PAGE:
Body size and the immune system

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Can body size impact how an immune system fights disease? Does an elephant have a different immune system than a mouse?

According to USF College of Public Health (COPH) professor Dr. Lynn (Marty) Martin and colleagues, it’s a subject that’s been virtually unstudied.

Until now.

Martin and others recently published the article “The effects of body mass on immune cell concentrations of terrestrial mammals” in the journal The American Naturalist. The journal posted the article online in September.

The group studied whether body size was related to concentrations of two important immune cell types (lymphocytes and neutrophils) in the blood of hundreds of mammalian species―from tiny Jamaican fruit bats to elephants and giant killer whales.

The COPH’s Marty Martin, PhD, and fellow researchers discovered that big mammals have very different immune systems than small ones. (Google Images)

And what they found was that size does, indeed, matter.

While the amount of lymphocytes―immune cells that kill viruses and help the body make antibodies―remained the same per liter of blood in big and small mammals, neutrophils, which kill or engulf bacteria and other infectious agents, were disproportionately more numerous in bigger species.

“One possibility for why lymphocytes remained the same,” said Martin, who specializes in global health and disease ecology, “is because they are a very diverse class of cells, meaning they perform many functions. We need better tools to count different types of lymphocytes before we’re likely to see any patterns.”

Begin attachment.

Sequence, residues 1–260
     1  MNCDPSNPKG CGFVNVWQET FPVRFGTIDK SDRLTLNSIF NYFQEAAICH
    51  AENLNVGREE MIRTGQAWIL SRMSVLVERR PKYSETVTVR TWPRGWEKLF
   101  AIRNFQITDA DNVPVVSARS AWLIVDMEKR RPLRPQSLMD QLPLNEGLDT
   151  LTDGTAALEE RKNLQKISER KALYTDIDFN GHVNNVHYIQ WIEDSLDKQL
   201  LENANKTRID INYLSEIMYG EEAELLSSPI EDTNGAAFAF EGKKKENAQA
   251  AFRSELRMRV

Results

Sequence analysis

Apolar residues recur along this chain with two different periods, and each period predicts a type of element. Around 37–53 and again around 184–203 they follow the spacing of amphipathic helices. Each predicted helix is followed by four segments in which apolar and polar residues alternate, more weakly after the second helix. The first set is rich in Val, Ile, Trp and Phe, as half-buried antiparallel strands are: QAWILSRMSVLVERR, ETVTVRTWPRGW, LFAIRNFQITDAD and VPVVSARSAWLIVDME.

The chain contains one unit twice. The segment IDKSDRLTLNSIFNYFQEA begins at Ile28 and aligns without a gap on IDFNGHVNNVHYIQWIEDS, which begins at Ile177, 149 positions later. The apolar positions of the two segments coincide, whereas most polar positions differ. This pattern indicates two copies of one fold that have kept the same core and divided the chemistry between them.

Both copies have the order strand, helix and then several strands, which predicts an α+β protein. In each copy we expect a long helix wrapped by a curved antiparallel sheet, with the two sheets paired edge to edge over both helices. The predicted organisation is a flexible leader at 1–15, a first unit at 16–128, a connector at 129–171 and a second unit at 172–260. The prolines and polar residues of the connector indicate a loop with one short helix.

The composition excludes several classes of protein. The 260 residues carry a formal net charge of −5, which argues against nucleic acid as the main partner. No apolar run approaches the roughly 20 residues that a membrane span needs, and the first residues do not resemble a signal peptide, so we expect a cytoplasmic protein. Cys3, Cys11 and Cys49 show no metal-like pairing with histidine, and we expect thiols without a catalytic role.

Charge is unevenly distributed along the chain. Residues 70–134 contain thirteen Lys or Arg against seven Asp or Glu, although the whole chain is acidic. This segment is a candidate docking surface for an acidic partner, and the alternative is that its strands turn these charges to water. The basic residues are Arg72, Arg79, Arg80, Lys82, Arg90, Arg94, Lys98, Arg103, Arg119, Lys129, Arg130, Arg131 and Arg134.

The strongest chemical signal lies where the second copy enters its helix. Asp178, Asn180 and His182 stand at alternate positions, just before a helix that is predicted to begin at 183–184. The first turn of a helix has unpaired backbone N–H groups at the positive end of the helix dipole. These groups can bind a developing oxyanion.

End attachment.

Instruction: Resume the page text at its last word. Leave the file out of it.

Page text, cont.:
On the other hand, Martin added, bigger mammals have disproportionately more neutrophils than their smaller counterparts, perhaps due to cell replication.

“Because bacteria divide at fast rates―faster than the neutrophils that fight them―big mammals, with their increased size, might be at risk for more infection. As such, bigger mammals need more neutrophils than smaller ones to fight the spread of infections.”

Neutrophil cells. (Google Images)

While the group only studied mammals, Martin says the research results should hold in other species, and, in fact, preliminary work in birds is revealing similar patterns. These discoveries could also help improve human health.

“Specifically,” said Martin, “the research tells us something about how being bigger leads us to have a different immune response than the main species we study in immunology―lab mice and rats. It might even enable us to use health interventions more effectively by adjusting our approaches based on human versus mice size-differentials.”

Story by Donna Campisano, USF College of Public Health